Microarray technology allows researchers to efficiently profile gene expression and discover associations of disease and gene expression levels. There are various microarray platforms commercially available. Illumina BeadArray is a recent microarray technology that has attractive features not found in other widely used arrays like Affymetrix GeneChips. In a BeadArray, hundreds of thousands of copies of a specific 50-mer oligonucleotide, used as the probe for a gene, are attached to 3-micron silica beads that are then randomly assembled in equally spaced microwells on either fiber optic bundles or planar silica slides (Kuhn et al., 2004
). There are up to tens of thousands of different bead types and hundreds of thousands of beads in an array, resulting in high redundancies, i.e., ~ 30 replicates on average for each bead type. And because the beads are located randomly on a chip, a decoding scheme (Gunderson et al., 2004
) is used to identify the types of beads through sequential hybridization to the ~ 25-mer identifier sequence that are also attached to the beads. There are several advantages associated with the features of BeadArray technology: randomness helps to reduce the impact of localization artifacts; redundancy promotes the precision as well as the robustness in measuring the intensity through replicates of the same type of beads (Kuhn et al., 2004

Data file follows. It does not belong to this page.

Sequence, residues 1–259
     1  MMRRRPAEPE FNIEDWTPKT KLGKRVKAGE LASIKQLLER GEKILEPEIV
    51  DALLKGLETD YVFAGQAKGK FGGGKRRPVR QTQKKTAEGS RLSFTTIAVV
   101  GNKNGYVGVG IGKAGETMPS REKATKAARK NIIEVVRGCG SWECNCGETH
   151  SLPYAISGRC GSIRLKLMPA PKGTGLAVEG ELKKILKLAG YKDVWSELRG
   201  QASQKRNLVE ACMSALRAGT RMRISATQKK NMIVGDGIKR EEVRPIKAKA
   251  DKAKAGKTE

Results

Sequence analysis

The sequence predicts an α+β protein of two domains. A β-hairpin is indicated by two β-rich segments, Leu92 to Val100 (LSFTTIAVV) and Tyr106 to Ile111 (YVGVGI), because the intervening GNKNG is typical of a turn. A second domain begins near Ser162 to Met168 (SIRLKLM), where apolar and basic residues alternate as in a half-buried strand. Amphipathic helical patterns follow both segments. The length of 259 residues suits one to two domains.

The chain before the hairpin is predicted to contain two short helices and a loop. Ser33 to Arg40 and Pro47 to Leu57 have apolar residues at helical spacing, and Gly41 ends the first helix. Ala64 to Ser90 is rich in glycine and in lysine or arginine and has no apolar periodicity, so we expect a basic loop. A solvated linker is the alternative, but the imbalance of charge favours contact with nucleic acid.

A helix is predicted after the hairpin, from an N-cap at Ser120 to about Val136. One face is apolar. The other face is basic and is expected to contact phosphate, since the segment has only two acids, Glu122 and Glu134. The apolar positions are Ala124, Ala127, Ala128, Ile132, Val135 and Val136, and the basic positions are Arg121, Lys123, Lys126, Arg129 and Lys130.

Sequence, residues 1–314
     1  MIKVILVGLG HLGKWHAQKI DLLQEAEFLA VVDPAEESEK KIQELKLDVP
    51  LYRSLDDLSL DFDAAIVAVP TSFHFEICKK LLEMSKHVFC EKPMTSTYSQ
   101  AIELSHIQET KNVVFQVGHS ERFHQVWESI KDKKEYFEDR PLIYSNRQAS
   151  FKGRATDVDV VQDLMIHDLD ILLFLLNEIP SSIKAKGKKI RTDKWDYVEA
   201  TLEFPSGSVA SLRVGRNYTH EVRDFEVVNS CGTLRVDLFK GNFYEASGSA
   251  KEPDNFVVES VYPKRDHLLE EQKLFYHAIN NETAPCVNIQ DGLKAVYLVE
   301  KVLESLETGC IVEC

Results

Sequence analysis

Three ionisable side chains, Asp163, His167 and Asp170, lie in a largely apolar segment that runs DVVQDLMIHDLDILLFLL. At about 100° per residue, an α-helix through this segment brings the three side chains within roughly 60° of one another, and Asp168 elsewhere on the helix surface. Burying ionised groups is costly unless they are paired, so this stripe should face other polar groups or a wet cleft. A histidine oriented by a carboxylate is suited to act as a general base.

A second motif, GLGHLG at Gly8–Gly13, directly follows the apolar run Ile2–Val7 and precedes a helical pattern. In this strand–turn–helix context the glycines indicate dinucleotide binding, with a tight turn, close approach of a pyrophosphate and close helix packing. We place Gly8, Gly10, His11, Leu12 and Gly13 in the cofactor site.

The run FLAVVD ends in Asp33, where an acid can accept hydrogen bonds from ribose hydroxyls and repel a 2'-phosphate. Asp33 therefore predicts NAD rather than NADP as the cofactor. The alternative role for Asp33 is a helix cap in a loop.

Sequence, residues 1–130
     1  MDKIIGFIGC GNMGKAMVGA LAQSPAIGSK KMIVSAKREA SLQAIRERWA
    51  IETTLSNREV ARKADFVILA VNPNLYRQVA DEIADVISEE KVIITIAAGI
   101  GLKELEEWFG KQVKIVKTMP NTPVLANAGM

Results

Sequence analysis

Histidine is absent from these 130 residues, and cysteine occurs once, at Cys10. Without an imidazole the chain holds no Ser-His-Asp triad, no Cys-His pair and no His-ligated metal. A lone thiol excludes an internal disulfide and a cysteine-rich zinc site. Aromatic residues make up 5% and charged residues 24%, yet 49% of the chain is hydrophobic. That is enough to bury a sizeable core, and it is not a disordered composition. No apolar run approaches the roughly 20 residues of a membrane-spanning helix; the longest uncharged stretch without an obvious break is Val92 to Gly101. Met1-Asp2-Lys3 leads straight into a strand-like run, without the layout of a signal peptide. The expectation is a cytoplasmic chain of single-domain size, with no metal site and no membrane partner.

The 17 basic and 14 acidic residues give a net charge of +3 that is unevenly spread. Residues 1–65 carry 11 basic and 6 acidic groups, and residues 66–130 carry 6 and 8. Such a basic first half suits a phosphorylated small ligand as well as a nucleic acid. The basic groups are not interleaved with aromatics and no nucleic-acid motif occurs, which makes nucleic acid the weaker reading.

); the decoding process also validates the hybridization performance of each bead to ensure that all beads are functional; multiple arrays can be arranged in a single chip so that several samples can be processed simultaneously, improving the throughput and reducing the variability; and the technology is cost efficient in that it allows rapid development of new products and quick delivery of custom-designed high-density chips since it is easy to produce new beads and to assemble them onto substrates. Because of these appealing attributes, the Illumina BeadArray platform has become increasingly popular in gene expression profiling.
When pre-processing microarray data, one step that is critical to the analysis of gene expression is the background noise adjustment. Noise can be introduced into the observed expression level, or intensity, during the processing of the samples. For example, when a mRNA sample is labeled and hybridized to the probes, part of the hybridization is nonspecific, i.e., binding of RNA sequences other than the intended target of the probe; and when the array is scanned, optical variations can also affect signal intensity. Here, following Wu et al. (2004)